Friday, October 7, 2011

Memorable Moments In Whostory: Pyramids Of Mars

Hey, it's another Doctor Who infographic!

This time rather than showcase individual characters, I decided to focus on one particular episode: Pyramids of Mars. I'll probably do more episode specific infographics as time permits. There've been over 200 stories so far (consisting of over 770 episodes), so that should keep me busy for a while.

Obviously you'll have to click on the image and magnify to read the text. Hopefully everyone will figure out how to read it; start at the upper left and follow the arrows.

Pyramids of Mars is one of my all-time favorites. It was the third episode of the 13th season, and Tom Baker's second year of playing the Doctor. It's got everything a classic episode needs: a historical setting, a gothic mansion, an evil enemy and of course, monsters.

The Mummy designs are certainly... unusual, what with their dome-like heads and protruding chest plates. The special effects still hold up reasonably well, especially for a nearly 40 year old show. Some of them are still quite effective, particularly the smoking footsteps of Sutekh's agent, and Professor Scarman's shotgun wound healing.

Tom Baker is absolutely firing on all cylinders here. This is also where we get his famous "I'm a Time Lord. I walk in eternity" speech. Elisabeth Sladen was never more radiant as Sarah Jane Smith than here. Sarah Jane was saddled with some truly regrettable outfits in the 1970s, but thankfully here she's wearing a flattering and subdued period costume. And who knew Sarah Jane could handle a rifle so skillfully!

Bernard Archard is wonderfully creepy as the reanimated Professor Scarman. Michael Sheard is suitably befuddled as Laurence Scarman. Sheard also played Admiral Ozzel in The Empire Strikes Back, as well as the U-Boat Captain in Raiders Of The Lost Ark and Hitler in Indiana Jones And The Last Crusade. Oddly enough Sheard has played Hitler three other times! Quite a departure from the meek and bewildered Laurence Scarman.

Sadly there just wasn't room to include all the characters. I had to leave out Dr. Warlock, Collins the butler and Ernie Clements, the groundskeeper. They really didn't figure prominently in the plot anyway. I desperately wanted to include Sutekh's "jackal headed appearance," but couldn't find a way to do so. I tried to include all the major details and plot points, but some items had to go by the wayside for space purposes. Think of this as the Cliff Notes version of Pyramids of Mars.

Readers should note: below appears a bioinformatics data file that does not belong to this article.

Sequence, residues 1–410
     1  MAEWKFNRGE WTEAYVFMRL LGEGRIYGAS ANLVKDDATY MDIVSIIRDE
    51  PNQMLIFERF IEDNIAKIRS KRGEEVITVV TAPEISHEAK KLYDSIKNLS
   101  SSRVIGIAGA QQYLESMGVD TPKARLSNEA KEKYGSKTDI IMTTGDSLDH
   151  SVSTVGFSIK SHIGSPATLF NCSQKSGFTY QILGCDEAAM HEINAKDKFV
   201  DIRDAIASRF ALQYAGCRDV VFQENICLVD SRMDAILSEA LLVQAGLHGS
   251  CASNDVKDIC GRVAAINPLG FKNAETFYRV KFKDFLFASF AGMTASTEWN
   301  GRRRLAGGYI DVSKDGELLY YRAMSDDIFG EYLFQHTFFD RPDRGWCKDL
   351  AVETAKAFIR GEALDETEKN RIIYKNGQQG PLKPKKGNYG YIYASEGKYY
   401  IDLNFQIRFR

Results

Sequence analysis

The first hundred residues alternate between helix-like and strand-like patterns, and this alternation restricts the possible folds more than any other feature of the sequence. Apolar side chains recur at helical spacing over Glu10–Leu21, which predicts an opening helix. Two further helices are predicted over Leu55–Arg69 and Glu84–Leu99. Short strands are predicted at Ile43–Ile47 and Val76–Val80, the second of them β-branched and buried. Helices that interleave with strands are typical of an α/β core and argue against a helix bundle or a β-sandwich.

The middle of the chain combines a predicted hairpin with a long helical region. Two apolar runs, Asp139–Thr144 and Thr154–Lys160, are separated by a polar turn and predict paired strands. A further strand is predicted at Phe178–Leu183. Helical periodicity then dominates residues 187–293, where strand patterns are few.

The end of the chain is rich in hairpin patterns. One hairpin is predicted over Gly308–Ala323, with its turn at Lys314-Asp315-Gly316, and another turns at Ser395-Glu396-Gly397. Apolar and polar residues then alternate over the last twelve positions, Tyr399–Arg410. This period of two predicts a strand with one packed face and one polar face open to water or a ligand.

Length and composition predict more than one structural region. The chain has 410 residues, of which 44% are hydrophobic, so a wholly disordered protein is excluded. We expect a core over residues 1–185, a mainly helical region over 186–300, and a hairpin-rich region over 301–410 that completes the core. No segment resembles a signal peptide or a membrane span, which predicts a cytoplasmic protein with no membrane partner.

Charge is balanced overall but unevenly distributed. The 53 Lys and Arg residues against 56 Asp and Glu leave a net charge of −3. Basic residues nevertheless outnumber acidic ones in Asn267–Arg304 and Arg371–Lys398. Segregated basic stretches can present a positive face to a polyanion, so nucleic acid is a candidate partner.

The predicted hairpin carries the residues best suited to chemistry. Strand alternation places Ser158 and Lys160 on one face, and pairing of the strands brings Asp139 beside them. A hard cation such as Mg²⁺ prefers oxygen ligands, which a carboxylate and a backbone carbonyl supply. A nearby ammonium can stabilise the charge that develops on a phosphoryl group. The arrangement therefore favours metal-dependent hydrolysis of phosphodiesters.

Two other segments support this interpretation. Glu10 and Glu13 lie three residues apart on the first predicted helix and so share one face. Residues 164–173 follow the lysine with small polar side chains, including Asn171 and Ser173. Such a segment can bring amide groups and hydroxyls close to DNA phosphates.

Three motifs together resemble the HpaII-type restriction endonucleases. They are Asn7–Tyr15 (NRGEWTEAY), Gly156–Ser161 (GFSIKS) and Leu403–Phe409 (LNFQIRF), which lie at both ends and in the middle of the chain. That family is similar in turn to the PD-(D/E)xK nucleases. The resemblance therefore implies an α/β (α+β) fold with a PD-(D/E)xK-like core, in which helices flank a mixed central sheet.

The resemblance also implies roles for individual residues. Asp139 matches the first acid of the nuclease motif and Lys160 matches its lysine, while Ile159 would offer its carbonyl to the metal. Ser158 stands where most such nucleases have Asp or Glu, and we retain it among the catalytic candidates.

The exterior shots of the Scarman mansion were filmed at a home owned by none other than Mick Jagger. For the scenes at the end where the mansion is on fire, they filmed a large cardboard cutout of the building behind a wall of flames.

Pyramids of Mars is a pretty violent episode; every single character (save the Doctor and Sarah Jane, of course) dies by the end! It features the world's first (and probably only) "Death by Mummy Chest" scene as Ernie Clements, the poacher, is killed by two Robot Mummies who crush his windpipe between their sharp, protruding chest pieces.

Even classic episodes have a few hiccups though, and this one is no exception. Sutekh the Destroyer is so powerful that the Osirans seal him inside a pyramid on Earth, and leave the key on Mars. But Professor Scarman opens Sutekh's tomb in about five seconds with little more than a small crowbar. Seems like there should have been some better security. Inside Sutekh's tomb, he has what appears to be a wide screen high def TV, with which he can observe anything and anyone in the galaxy. He uses it to monitor his possessed slaves and Robotic Mummies, directing their actions to facilitate his escape. Why would his jailers provide him with such a device? And Namin supposedly takes over the Scarman mansion and fills it with sarcophagi full of Robotic Mummies. Where in the hell did he get those? Mummies R Us?

As for the actual drawing and design of the infographic, I changed the layout and rearranged boxes several times until I was satisfied with it. There's no science or formula, I just arrange things until I think it looks right. Drawing monsters and helmeted characters is always pretty easy, because they don't have features, so Sutekh and the Mummies were no problem. I'd drawn the Fourth Doctor before, but I altered his expression here and changed his outfit to the one he wore in the episode. Marcus Scarman proved harder to draw than I thought he would be, probably because he looked slightly different in every reference photo I found. Laurence Scarman and Namin took a little while to get right, but weren't too difficult.

The hardest one of them all to draw was Sarah Jane. I realized this was the first time I'd attempted to draw a female in my "Doctor Who Style." Obviously I couldn't draw her with a giant nose and long skinny head like all the male characters or she'd have looked ridiculous. So I had to pull back the cartooniness quite a bit for her. She proved remarkably difficult to capture. I went through many, many version of Sarah Jane before I got a decent likeness. I'm still not 100% satisfied with her, but she'll have to do.

Very special thanks to my pal across the pond, Ian Ledger, who helped out with editing, text correction and support. Thanks to him I now know what a "ginger moggie" is.

Drawn and laid out entirely in InDesign.

Just for fun, here's what the page for this image looked like in InDesign. I usually place reference photos off to the side and draw the characters there, then drag them onto the page when they're done. Looks like a mess, but it works for me. You can see my many attempts at a Sarah Jane likeness on the right hand side, and several versions of Laurence and Marcus Scarman on the left. I started drawing Sutekh's jackal head on the left as well, but left it unfinished when I realized there wasn't going to be room for it.

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